Custom Search

Saturday, May 16, 2009

Asset Allocation


From the Hoss's Mouth


Research has shown that asset allocation is the single most important investment decision an investor makes. What is asset allocation? Hoss Cents Free Financial Money Magazine's definition is as follows:

The structuring of your investment portfolio with different asset categories using stocks, bonds or cash.

There is no specific asset mix that is perfect for each investor. The wise investor knows what his/her investment objectives are, what the time horizon is for achieving those objectives, and what risk they are prepared to take (also known as risk tolerance) .

Time Horizon - Your time horizon is the length of time in months, years, or decades you have to achieve your financial objective.

Risk Tolerance – How much risk you are prepared to take to achieve your financial goal. Are you an aggressive investor prepared to purchase risky investment for greater potential returns or are you a conservative investor, one who wants to preserve your original investment?


A rule of thumb used by many financial advisers is that the total percentage of fixed income held in your portfolio should approximately equal your age. In other words, if you are 45 then 45% of your portfolio should be fixed income. If you are 20 then 20% is fixed income. This is a good tool to start you on an investment path which includes an asset allocation strategy.

Hoss Cents Free Financial Money Magazine provides a slight modification to this asset allocation rule. First, assess your risk tolerance on a scale of one to ten. One being the most conservative investor, and ten being an investor willing to take extreme risks. Now combine the two factors of age and risk tolerance in the following manner: If your risk tolerance is 5, make no adjustment to the rule of thumb. For every number higher than 5, reduce the fixed income component by 5%. For every number lower than 5, increase the fixed income percentage by 5%.

Look at some examples provided by Hoss Cents Free Financial Money Magazine :

Risk tolerance of 7 and age 45. Fixed income component would be 35%: 45 (age) minus 10% (5% for each number above 5)

Risk tolerance of 7 and age 20. Fixed income component would be 10%: 20 (age) minus 10%

Risk tolerance of 2 and age 45. Fixed income component would be 60%: 45 (age) plus 15% (5% for each number below 5)

Risk tolerance of 2 and age 20. Fixed income component would be 35%: 20 (age) plus 15%

For those of us who do not have the time or the inclination to go out and purchase individual stocks and bonds, a simpler and easier method is to buy mutual funds or exchange traded funds. They provide an excellent method of diversifying your portfolio.

The Hoss hopes he has helped you in determining an asset allocation that will enable you to reach your investment objectives. Remember, all investments have some risk and you could lose some or all of your money.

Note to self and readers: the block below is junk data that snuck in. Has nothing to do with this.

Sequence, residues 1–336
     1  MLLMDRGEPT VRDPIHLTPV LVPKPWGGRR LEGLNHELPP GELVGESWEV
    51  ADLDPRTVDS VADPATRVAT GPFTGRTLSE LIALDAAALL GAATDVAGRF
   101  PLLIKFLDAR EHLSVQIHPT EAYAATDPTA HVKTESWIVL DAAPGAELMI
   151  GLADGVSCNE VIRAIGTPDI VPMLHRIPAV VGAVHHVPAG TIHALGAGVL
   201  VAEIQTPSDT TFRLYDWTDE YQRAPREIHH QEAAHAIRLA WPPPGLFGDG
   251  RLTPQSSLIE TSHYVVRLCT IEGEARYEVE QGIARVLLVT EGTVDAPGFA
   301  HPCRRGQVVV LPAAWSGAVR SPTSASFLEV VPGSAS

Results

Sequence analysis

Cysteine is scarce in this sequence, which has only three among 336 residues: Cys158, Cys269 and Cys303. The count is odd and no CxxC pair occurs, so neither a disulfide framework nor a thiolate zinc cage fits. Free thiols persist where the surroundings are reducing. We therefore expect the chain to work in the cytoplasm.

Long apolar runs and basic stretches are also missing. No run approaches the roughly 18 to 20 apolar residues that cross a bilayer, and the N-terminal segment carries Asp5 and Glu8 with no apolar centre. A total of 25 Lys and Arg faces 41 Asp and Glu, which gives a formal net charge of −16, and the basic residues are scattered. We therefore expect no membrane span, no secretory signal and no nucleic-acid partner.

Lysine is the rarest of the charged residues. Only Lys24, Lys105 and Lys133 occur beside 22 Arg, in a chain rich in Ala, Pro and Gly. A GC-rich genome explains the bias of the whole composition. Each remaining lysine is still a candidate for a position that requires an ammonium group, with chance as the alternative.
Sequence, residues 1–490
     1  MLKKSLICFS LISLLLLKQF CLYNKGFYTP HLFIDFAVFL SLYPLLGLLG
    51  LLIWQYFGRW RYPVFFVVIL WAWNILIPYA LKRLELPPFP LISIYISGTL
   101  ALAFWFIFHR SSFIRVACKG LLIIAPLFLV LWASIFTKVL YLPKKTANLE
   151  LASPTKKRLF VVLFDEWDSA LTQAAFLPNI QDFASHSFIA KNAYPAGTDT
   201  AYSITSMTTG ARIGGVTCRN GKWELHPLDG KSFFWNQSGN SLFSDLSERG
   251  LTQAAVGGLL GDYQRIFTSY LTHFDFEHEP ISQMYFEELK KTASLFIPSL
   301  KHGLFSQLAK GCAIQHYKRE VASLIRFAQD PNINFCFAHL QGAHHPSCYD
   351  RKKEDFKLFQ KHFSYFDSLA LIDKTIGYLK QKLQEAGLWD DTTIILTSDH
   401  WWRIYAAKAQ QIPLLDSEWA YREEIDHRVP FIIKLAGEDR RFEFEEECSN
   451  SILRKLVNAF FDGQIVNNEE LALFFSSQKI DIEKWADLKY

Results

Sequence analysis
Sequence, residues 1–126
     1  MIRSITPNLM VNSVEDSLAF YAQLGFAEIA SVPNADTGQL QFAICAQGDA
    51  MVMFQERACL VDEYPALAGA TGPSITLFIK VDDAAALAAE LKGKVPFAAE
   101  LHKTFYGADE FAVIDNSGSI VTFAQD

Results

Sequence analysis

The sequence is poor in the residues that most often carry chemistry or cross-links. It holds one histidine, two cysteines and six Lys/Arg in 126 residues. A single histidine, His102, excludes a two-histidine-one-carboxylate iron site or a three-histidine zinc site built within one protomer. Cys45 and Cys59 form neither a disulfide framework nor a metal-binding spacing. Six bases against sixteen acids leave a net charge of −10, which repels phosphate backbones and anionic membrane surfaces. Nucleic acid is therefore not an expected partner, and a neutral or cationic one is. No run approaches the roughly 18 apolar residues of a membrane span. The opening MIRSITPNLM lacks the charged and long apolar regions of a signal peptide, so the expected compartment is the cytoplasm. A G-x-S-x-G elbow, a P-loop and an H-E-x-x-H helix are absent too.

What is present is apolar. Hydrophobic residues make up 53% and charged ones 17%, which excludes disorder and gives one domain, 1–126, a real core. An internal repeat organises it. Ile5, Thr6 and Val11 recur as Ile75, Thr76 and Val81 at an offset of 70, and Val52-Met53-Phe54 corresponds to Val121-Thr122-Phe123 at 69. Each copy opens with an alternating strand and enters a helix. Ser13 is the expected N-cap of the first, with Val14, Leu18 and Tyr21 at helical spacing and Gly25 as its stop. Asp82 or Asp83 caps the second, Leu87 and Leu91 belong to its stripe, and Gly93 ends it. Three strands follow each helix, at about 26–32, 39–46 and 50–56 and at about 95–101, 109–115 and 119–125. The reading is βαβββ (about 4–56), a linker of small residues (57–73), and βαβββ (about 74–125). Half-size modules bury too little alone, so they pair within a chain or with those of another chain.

Stay on track,

The Hoss

Next Hoss Cents Free Financial Money Magazine Post: May 24, 2009
Previous Post: Moms are Priceless

1 comment:

  1. I feel strongly that asset allocation can be the key to investing success. Most financial planners will include life insurance as part of your holdings. Many people will have a life insurance policy as protection for their familiy and when the kids are grown and gone let it lapse. I've recently discovered through life settlements that an investor will pay you for that policy that you might have thought was worthless. Working through a reliable company they can match an investor that will pay you for the death benefit your policy holds. So, I guess the bottom line is to include your life insurance holdings as part of your diversification plans but don't simply let it expire without checking out life settlements.

    ReplyDelete

Stock Ticker

Disclaimer

The Hoss is not a financial adviser. This blog is a reflection of his personal opinion, experience and financial choices. For financial assistance, please consult a licensed financial services professional.

The contents of http://free-financial-money-magazine.blogspot.com are provided for informational and entertainment purposes only, and should not be construed as advice. This material is not intended to provide, and should not be construed as providing individual financial, investment, tax, legal or accounting advice.

While the information shared on this website is believed to be accurate and reliable, the owners/operators of this website specifically disclaim all warranties, express, implied or statutory, regarding the accuracy, timeliness, and/or completeness of the information contained herein. Individuals leaving comments on this site are solely responsible and liable for the contents of their comments. Because this website is intended to provide general information only, you should discuss your specific needs with a qualified licensed financial services professional.

Links to other websites are for convenience only, and are independent from http://free-financial-money-magazine.blogspot.com. No liability is assumed for any inaccuracies in the information or for the content of any linked websites. No endorsement or approval of any other products, services or information is expressed or implied by any information, material or content referred to or included on, or linked from or to this website. No liability is assumed for incompatibility, non-suitability, viruses or other destructive/disruptive components on or from such websites.